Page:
Is "Daddy Issues" An Offensive Term? Yes, & These Therapists Explain Why

We've all heard the phrase "daddy issues." It's a seemingly innocuous phrase, but actually perpetuates stereotypes that women who have poor relationships with their father, or no relationship with them at all, are so-called damaged goods. It's gross. Usually, people throw around the phrase to mean that a woman has a neglectful or absent father, or an unhealthy relationship with him, and dates men to fill that "vacancy" in her life. So, is "daddy issues" an offensive term? Absolutely. Here's what two therapists had to say about where this phenomenon comes from and what the connection really is between a dad's behavior toward his daughter and her own romantic or sexual habits.

I spoke with Dr. Fran Walfish, child and relationship expert, and therapist Dr. Gary Brown, based in Los Angeles, who works with dating singles and couples.

Walfish says that for women who date men, the way a daughter is treated by her father is how she "expects and accepts treatment from men in her romantic relationships," for women who date men. Brown agrees. He explains, "[A daughter] notices how her dad and her mom interact, and what she observes may very well determine the type of man/men she chooses to date."

Brown mentions the "pejorative" connotation that the phrase has, noting its "judgment" and "shame."

"I think it might be healthier for everyone to at least consider finding other ways to express the fact that almost all of us have unresolved issues with one or both of our parents," he says. "There are no perfect parents. There are no perfect children."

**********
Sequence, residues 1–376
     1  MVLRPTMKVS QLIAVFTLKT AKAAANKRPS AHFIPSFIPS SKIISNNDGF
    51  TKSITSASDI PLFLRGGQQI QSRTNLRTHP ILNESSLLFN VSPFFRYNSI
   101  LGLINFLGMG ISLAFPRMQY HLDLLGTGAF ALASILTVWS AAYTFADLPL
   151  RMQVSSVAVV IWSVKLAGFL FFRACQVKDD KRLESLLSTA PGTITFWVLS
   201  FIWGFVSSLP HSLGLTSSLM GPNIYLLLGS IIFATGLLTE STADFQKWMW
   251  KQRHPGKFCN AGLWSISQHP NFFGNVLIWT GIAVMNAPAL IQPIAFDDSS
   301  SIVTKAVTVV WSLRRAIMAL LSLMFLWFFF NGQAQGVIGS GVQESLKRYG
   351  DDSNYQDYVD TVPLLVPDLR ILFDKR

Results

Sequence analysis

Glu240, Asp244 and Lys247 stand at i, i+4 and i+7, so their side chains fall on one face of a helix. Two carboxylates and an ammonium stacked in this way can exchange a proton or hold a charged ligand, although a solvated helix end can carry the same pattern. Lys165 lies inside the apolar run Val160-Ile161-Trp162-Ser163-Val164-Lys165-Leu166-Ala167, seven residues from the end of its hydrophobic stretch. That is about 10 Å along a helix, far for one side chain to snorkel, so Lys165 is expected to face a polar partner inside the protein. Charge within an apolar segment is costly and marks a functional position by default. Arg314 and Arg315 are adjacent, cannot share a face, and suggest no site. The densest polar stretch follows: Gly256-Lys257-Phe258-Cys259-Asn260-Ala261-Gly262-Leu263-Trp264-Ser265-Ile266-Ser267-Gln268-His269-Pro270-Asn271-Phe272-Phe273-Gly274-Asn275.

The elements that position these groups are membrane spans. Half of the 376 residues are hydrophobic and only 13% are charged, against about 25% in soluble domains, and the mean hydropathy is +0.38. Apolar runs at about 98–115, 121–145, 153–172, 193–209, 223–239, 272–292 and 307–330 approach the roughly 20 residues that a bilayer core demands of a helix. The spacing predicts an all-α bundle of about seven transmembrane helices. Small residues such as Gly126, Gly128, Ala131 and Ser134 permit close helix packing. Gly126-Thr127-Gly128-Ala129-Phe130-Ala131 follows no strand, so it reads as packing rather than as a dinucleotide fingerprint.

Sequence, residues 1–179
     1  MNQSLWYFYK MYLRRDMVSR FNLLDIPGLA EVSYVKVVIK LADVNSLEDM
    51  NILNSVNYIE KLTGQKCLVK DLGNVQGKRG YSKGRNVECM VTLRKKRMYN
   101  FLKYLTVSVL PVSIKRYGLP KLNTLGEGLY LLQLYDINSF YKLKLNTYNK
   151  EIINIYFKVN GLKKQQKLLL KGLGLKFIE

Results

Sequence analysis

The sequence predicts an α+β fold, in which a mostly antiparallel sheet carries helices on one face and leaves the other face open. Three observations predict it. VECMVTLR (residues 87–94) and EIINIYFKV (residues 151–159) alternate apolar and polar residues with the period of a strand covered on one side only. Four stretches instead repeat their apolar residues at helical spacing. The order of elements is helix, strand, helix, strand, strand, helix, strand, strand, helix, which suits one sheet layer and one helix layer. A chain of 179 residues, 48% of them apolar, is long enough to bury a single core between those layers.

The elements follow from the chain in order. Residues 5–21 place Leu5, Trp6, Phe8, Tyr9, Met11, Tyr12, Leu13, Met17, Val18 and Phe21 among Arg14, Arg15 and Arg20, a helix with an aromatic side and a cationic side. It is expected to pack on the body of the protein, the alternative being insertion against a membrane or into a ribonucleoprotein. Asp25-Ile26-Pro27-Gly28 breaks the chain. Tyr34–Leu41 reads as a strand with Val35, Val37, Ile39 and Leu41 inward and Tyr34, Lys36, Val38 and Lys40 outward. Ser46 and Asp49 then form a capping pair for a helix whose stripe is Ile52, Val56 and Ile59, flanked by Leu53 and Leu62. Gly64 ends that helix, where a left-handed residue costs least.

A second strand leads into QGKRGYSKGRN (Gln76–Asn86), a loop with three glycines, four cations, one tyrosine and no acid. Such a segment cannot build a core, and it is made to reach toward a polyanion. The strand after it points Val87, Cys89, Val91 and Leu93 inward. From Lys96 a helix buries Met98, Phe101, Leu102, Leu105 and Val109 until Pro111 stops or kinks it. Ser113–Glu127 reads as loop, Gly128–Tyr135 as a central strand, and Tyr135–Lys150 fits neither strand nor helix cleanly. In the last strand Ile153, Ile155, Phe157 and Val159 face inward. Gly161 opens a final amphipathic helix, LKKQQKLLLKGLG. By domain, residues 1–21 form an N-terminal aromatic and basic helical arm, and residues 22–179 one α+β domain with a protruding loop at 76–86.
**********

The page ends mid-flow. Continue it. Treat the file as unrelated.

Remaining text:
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Walfish echoes Brown's statement.

"Truth be told, we can’t help the family histories we come from," Walfish says. "Nor can we deny that people tend to categorize even when they are open-minded and fair folks. We all need to do our best at constantly looking within and being accountable for our own ideas, thoughts, judgments, actions, and words."

Beth*, 23, had a close bond with her father growing up, but their relationship suffered when her dad cheated on her mom and left the family. In middle school and high school, Beth only saw her dad a couple days a month.

"To me the term [is] more so used to talk about all sorts of emotional hangups," Beth says. "I guess I don't see it as good or bad, but rather a part of my reality."

Beth uses the phrase "daddy issues" in conversation with her friends, and uses it "for a laugh" to talk about her strained relationship with her father.

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"However, on a much more real note, I definitely feel my poor relationship with my dad during crucial adolescent years has limited my ability to comfortably connect with romantic partners and, most importantly, it makes it very difficult for me to trust them," Beth tells Elite Daily. "I think that I have a hard time trusting potential partners because I have an inherent belief that most romantic partners will act selfishly. In a more day-to-day sense, I think it has stunted my emotional intimacy. I have the strongest flight-or-fight response to getting close to a partner emotionally."

On the other hand, Beth finds physical intimacy and one-night stands easier to handle, and she enjoys the lack of emotional depth she has to deal with in relationships that are purely physical.

These days, Beth is working on mending her relationship with her dad. While that's not the best choice for everyone, it's working for her.

"I have only in the past two years or so begun to really try to reconnect and communicate with him," she says. "I will say that with the improvement in our relationship, I have been able to connect better with potential partners. Do I still have horrifying trust issues? Absolutely. Am I working on it? You bet. Every day, it all gets a little better."

*Name has been changed at the source's request.